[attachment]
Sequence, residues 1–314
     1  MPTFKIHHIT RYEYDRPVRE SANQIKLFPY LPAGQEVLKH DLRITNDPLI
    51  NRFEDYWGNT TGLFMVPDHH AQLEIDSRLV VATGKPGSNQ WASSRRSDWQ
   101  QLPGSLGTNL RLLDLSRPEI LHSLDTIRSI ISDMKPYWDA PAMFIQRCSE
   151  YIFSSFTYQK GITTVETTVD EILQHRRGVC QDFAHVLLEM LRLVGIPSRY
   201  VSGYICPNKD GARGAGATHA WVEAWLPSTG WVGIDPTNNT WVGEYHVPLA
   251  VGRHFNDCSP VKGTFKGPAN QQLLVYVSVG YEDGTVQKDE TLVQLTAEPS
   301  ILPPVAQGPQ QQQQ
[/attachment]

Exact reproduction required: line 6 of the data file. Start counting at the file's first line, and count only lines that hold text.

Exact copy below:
   201  VSGYICPNKD GARGAGATHA WVEAWLPSTG WVGIDPTNNT WVGEYHVPLA